Nov 15, 2018

Kung Pao Shrimp with Cashews

Kung Pao Shrimp is a classic Chinese restaurant dish with origins in the Sichuan province of southwest China. It's a spicy dish, getting its heat from ground Sichuan peppercorns and dried chilis de arbol.

Kung Pao Shrimp with Cashews

Like most stir-fries, this Kung Pao shrimp has a fairly long ingredient list. Trust me when I tell you that it's worth it. All of the flavors come together to create such a depth of flavor. The sum is greater than the parts.

This Kung Pao shrimp is spicy, but not overly so, and it is delicious with rice. It's easy to make, light (low calorie), and ready in 15 minutes.

Kung Pao Shrimp with Cashews and Sichuan peppercornsThe Sichuan peppercorn powder in the dish adds such an interesting depth. It's not spicy hot, but gives sort of a tingly sensation to your mouth. It's native to the Sichuan province and not related to chili peppers, which are native to the Americas.

What are some hints for successful stir-frying at home?

  1. The most important thing to me is mise en place. In other words, do not attempt to multi-task. Do not work on one ingredient while another ingredient is cooking. Get everything ready and lined up because you will be working quickly. 
  2. Use a digital timer for each step. Until you are an expert, it's really helpful and takes away the guess work. 
  3. If the recipe you are following has everything in paragraph form, rewrite it in individual steps for yourself with the times next to the steps. If you are like me, use large print. 
  4. Clean up everything else before stir frying, leaving only your mise en place. While not necessary, you will enjoy your dinner much more knowing you have less clean up after dinner. 

What brands do you recommend for this recipe?

  1. For the oyster sauce, I like Lee Kum Kee, the one with the mother and the boy in a boat on the label. I also like Megachef
  2. For the sesame oil, I prefer the Kadoya brand. 
  3. For the chili garlic sauce, I like the Huy Fong brand. 

When I first started learning how to stir-fry (see Wok Wednesdays in my recipe index to learn more about my wok adventures), each new recipe I tried seemed to require a special trip to my local Asian market to hunt down a new ingredient. The first time I tried a new recipe and realized I had all of the Asian condiments in my pantry or refrigerator, I nearly threw a party to celebrate.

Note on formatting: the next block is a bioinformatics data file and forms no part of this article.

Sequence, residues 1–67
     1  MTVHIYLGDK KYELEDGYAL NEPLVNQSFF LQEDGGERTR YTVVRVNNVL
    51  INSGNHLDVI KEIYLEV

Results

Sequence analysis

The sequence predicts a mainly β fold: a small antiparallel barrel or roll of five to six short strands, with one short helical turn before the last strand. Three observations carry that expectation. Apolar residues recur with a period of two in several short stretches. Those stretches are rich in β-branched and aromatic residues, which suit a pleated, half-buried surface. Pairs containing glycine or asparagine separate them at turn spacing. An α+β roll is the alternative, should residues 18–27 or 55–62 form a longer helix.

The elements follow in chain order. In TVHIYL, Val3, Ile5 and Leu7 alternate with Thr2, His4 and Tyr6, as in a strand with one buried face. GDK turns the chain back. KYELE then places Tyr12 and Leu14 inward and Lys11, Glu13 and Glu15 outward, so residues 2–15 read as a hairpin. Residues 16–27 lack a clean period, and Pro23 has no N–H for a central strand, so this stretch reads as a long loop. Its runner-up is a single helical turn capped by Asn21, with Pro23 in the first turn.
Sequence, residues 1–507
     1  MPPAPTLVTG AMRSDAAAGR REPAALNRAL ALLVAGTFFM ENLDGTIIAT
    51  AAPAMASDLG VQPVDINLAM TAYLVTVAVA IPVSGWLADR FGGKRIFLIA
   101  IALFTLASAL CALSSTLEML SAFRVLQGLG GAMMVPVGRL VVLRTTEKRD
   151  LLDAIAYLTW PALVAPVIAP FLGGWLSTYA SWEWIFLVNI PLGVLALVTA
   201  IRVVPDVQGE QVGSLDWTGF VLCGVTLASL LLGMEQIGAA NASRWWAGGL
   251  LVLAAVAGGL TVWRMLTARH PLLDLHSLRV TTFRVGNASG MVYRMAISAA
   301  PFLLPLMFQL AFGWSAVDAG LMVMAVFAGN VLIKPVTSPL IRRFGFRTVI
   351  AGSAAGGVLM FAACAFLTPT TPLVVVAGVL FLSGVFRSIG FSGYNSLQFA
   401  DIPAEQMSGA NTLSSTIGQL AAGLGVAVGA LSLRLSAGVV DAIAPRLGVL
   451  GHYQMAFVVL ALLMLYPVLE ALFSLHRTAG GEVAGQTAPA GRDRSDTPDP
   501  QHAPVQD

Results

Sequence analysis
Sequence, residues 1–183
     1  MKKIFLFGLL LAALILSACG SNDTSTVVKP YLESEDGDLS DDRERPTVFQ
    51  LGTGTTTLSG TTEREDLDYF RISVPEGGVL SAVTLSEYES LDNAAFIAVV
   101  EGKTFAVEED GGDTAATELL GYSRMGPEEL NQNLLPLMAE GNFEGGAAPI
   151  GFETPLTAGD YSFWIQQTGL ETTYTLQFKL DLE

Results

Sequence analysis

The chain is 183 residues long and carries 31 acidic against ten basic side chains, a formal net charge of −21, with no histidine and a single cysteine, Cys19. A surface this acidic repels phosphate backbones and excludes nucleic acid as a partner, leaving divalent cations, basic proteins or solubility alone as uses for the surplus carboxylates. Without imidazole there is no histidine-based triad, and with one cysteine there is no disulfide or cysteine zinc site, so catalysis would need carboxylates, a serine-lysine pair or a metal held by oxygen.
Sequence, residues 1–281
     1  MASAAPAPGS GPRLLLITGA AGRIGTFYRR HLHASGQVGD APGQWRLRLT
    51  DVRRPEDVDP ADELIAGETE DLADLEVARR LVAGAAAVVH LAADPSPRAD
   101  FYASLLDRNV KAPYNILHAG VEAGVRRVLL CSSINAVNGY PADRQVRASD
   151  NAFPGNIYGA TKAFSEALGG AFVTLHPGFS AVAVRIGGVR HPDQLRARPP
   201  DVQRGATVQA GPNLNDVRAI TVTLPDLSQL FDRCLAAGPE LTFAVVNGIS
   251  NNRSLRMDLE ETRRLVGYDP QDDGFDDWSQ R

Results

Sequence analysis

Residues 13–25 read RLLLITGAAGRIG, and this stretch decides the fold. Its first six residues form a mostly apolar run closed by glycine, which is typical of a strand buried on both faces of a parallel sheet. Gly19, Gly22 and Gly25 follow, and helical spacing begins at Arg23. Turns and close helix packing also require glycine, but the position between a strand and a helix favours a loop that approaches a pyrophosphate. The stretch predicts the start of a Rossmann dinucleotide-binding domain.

I now have a refrigerator in my garage that is pretty much dedicated to specialty Asian condiments and specialty flours (for baking bread, my other obsession). At one point, the previous refrigerator died, and I scrambled to save my ingredients as if they were precious gold. Not my proudest moment.

What cookbooks do you recommend for stir-frying?


If you want to get your Ph.D in stir-frying, check out Grace Young's Stir Frying to the Sky's Edge, and The Breath of a Wok. Make your way through at least one of these books and you will be set. I began with the first one, which is a little more accessible, and the stories with each recipe are worth the price of the book. 

This recipe for Kung Pao Shrimp was adapted from the book 101 Asian Dishes You Need to Cook Before You Die by Jet Tila, which I am loving. There are about 18 wok recipes in the book and I want to try them all. There are also sections on grilling, noodles, soups, sushi, salads, dumplings, and sweets. 

Kung Pao Shrimp with Cashews and Sichuan peppercorns and chiles de arbol

Notes on the recipe:

  1. This recipe calls for 4 to 6 dried chili de arbol. These are intended to impart heat to the dish, but not to be eaten. 
  2. If you can't find the Sichuan peppercorns, go ahead and make this Kung Pao shrimp anyway. It's still delicious. 
  3. The recipe calls for 3 pounds of unpeeled shrimp, which you peel and devein. If you happen to find shrimp that is already peeled and deveined, use about 25 to 30 ounces. 
This month, the Fish Friday Foodies are creating seafood stir-fries! Check them out!



shrimp, stir-fry, wok, fish
seafood
Chinese
Yield: 4 servings

Kung Pao Shrimp Recipe

ingredients


  • 2 to 3 tablespoons chili garlic sauce (depending on how hot you like your dish)
  • 1/3 cup oyster sauce 
  • 1 teaspoon sesame oil
  • 1/4 cup chicken stock
  • 1 teaspoon cornstarch dissolved in 1 teaspoon of water
  • 3 tablespoons vegetable oil
  • 3 cloves garlic, chopped
  • 4 to 6 dried chiles de arbol
  • 1 teaspoon crushed red peppers
  • 3 pounds medium shrimp, peeled and deveined
  • 1 red bell pepper, cut into strips
  • 1 medium onion, diced
  • 2/3 cups whole roasted cashews (or peanuts if you prefer)
  • 1/8 teaspoon ground right pepper
  • Pinch of Sichuan peppercorn powder
  • 3 scallions, sliced

instructions


  1. Combine the chili garlic sauce, oyster sauce, sesame oil, chicken stock, and cornstarch slurry in a small bowl. Set aside. 
  2. Heat a wok or large sauté pan over high heat. Swirl in the oil, garlic, chilies and crushed red pepper. Stir for about 30 seconds. 
  3. Add the shrimp to the pan spread it out into a single layer, and let it cook for 30 seconds. Stir-fry for another 30 to 60 seconds, until the shrimp just starts to turn pink. Add the vegetables and cashews, and stir-fry for about a minute. 
  4. Add the sauce, Sichuan peppercorn powder, the white pepper, and stir until the sauce thickens and coats the shrimp. Stir-fry for another minute until the shrimp is fully cooked. Add the scallions and stir. 

4 comments:

I would love to hear from you!